7. The bathroom situation, what are your thoughts?

"Oh joy, that one. I think one thing I always hear is "I would never want my daughter in the bathroom with a man dressed as a woman." Here's the other side of that, when I was transitioning, making myself appear as masculine as possible while on hormones, before they began to change my body as much, or at all, I had to use public restrooms. I didn't look super masculine, but I also didn't look feminine either. I chose to go to the men's room because I would not at all feel comfortable in the women's. I would seem like a threat. Keep in mind, I was 14 at the time, so the lack of masculinity fit into the part of not hitting puberty yet. I would have to go to the restroom with the fear that any man that felt I didn't belong could take advantage of me, could physically assault me at any point, and I would barely be able to defend myself. My mother drilled it into my head that when it comes to bathrooms, I was the most vulnerable in there and that I had to constantly be on defense in regards to my safety. When people talk about the safety of their children, I think about how I have feared their husbands, brothers, uncles, fathers, or themselves when I stepped into the restroom, without anyone knowing. There has not been a single reported case of a transgender individual assaulting someone else in a restroom, but there have been many hate crimes upon trans people for the sole reason that they are trans. The odds are against me, not your daughter. I'm simply trying to pee."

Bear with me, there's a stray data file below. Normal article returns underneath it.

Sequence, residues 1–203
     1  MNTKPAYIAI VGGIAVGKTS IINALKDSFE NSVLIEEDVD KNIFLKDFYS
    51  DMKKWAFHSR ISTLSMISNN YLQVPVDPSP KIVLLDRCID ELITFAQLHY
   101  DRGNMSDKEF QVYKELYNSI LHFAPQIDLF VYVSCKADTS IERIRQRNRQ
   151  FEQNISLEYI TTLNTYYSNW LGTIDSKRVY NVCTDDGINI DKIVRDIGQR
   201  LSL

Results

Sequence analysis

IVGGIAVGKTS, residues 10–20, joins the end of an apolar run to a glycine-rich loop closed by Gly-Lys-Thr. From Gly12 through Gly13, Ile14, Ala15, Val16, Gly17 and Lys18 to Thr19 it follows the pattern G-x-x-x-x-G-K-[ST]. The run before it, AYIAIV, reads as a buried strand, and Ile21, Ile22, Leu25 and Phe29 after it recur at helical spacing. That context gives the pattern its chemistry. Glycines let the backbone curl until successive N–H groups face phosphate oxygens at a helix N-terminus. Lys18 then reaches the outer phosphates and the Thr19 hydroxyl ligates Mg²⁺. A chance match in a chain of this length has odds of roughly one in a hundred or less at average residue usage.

8. How do you feel about having children?

"I used to not think I wanted kids, but now I'm not so sure. Regardless of my decision in the future, the options are much harder than a regular family. I won't carry my own child, that is not something I will ever do as a man. What I could do though is foster and/or adopt, as well as use a sperm donor with my wife, whoever that may be. I think in time, what works for us as a couple will work best as it is a joint decision, but I know that no matter what happens, I will never be able to have a biological child with my future spouse. They have to know that going into it. I have no problem fostering and adopting, but that ease of having our own biological children is out the window."